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Estate planning for grandparents

Your children may be grown up and financially secure. If your assets pass to them, you will be adding to their estate and to the IHT which will be charged on their deaths. Instead, you might consider leaving something to your grandchildren, or reducing your taxable estate by helping them out during their education.

Estate planning for singles

Single people might not have given much thought to estate planning. But you should make a will to set out your preferred funeral arrangements, how you want your estate to devolve on your death and who will have responsibility for it. Your net estate might pass to your parents or your siblings under intestacy rules but would you prefer to leave your wealth to your nieces or nephews?

Gift strategy: Use the nil-rate band

Most transfers of property between spouses or civil partners are exempt from IHT. This means that when one partner dies leaving some or all of their property to their spouse/civil partner they may not make full use of their own £325,000 nil-rate band. In these circumstances, it is possible to transfer unused nil-rate band allowances between spouses or civil partners. Read More

Gift strategy: Gifts out of income

Another way to build up capital outside your own estate and save IHT is to make regular gifts out of income, perhaps by way of premiums into an insurance policy written in trust for your heirs. Regular payments of this type are exempt from IHT.

Gift strategy: Appreciating assets

Gifts do not have to be in cash. You could save more IHT or CGT by giving away assets with the potential for growth in value. Give while the asset has a lower value so that the appreciation then accrues outside your estate.

Gift strategy: Business assets

There will be no capital gains tax (CGT) and perhaps little or no IHT to pay if you retain business property until your death. This is fine, so long as you wish to continue to hold your business interests until death and recognise that the rules may change. Read More

Do you need a will?

Anyone who owns property – a home, a car, investments, business interests, retirement savings, collectables or personal belongings – needs a will. A will allows you to direct by and to whom your property will be distributed after your death. If you die without a will, your property will normally be distributed according to intestacy laws. Assumptions about how these rules work is a very common mistake.

Selling your business: Business factors

External factors can also be important in timing your sale. If you can time your business sale to coincide with a period of economic growth, when buyers outnumber sellers and will pay premium prices, you will most likely secure the best price. Read More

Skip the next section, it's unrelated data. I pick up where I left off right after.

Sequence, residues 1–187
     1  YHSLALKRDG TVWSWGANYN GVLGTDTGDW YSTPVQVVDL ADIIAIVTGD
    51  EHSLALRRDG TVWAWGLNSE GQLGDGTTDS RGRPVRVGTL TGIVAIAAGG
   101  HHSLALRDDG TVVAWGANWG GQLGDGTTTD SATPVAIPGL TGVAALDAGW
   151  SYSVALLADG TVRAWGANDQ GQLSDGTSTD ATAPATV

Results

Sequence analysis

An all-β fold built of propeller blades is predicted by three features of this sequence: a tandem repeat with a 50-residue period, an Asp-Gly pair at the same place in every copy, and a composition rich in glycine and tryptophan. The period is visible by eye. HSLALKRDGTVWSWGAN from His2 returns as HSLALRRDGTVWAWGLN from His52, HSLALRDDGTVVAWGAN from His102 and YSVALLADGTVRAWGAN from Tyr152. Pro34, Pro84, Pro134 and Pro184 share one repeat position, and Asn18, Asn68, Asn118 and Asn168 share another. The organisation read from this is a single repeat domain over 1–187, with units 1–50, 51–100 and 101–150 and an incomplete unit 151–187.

Planning your estate

Estate planning should start early in life. If your estate is worth in excess of £325,000 it could be subject to inheritance tax (IHT). Even if it isn’t, careful planning and a well-drafted will can ensure that your assets will go to your chosen beneficiaries.


When you raise that final sales invoice and bank the proceeds from the sale of your business, you should be completing one of the last steps in a strategy aimed at maximising the net return by minimising the capital gains tax (CGT) on sale. Read More

Maximising profitability

Increasing profitability is always important but no more so than in the years leading up to the sale. So, what is the range of values for your business? Although you may think you can make an educated guess, a professional valuation gives you more solid ground. Read More

Selling your business

If you consider your business to have a market value, or if you want your business to provide you with a lump sum on sale, it is essential to start planning how you will realise that value. This is particularly important if you envisage selling your business within the next 10 years. Read More

What qualifies as a ‘mobile phone’?

The first thing to figure out is whether an appliance is a mobile telephone. In recent years we have seen smartphones that are capable of doing many things other than just making telephone calls. Conversely, we have seen computers and tablets acquiring telephony facilities. In short, computers and telephones are slowly merging. Read More

Tax-effective employee benefits

Employers may provide many benefits to employees in addition to their salary or wages. Some of these benefits can be tax-effective, in that the employer or employee (or both) may save tax by providing a benefit rather than cash. Read More
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